With the legislative session having come to an end, education has moved toward the top of the list of headline topics. Woonsocket’s School Committee voted, yesterday, to request a state takeover of its district. Meanwhile, the General Assembly declined to grant permission for a massive supplemental tax bill in the city. More broadly, the legislature did opt to accelerate state aid payments to many of Rhode Island’s 36 districts.
Given a little context, though, the conversation might be substantially different.
According to data provided on the Web site of the Rhode Island Department of Education (RIDE), enrollment is down dramatically across the state. RIDE’s data begins with the 1998-1999 school year and ends with 2011-2012, and over that period, only Barrington and East Greenwich saw overall increases. The average Rhode Island school district experienced a 12.6% drop in students.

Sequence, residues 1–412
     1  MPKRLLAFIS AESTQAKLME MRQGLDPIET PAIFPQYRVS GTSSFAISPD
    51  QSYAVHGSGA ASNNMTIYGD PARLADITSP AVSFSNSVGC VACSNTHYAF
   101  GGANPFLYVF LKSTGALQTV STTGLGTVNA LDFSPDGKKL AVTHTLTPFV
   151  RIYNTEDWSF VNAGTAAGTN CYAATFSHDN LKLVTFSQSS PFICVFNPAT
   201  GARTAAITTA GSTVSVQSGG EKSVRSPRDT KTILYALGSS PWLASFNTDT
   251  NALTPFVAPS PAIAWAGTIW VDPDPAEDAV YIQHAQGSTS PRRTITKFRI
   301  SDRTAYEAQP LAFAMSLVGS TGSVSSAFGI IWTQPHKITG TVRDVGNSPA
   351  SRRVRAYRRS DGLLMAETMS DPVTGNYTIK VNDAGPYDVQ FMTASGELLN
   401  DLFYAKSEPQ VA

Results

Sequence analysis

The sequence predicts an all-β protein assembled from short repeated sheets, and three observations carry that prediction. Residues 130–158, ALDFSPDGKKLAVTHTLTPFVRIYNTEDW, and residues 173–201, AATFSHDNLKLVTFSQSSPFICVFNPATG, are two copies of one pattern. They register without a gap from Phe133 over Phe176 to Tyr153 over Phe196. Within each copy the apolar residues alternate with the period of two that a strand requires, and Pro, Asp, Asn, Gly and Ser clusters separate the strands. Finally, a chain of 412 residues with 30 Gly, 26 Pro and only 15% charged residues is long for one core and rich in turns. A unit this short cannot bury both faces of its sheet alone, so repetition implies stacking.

That dramatic statewide slide in student population did not, however, accompany a parallel decrease in expenditures — or any decrease at all. Unfortunately, the state ceased posting total expenditure data after the 2008-2009 school year. But in the eleven years of data available, the average school district’s total expenditures increased 65.9%. By comparison, the inflation rate from June 1999 to June 2009 was less than half that, at 29.8%.
The following chart is sorted from largest increase in enrollment to largest decrease in enrollment, and the correlation with spending is mild, at best.
Focusing in on Woonsocket, district expenditures increased 61.7%, even as enrollment slipped 10.3%. In the years since, enrollment has remained steady, but spending appears to have continued its upward climb.
As the city considers its next steps (under the guidance of the state-appointed budget commission now ensconced in city hall), residents would do well to evaluate the present crisis in the light of past trends. The same is true for Rhode Islanders in every municipality.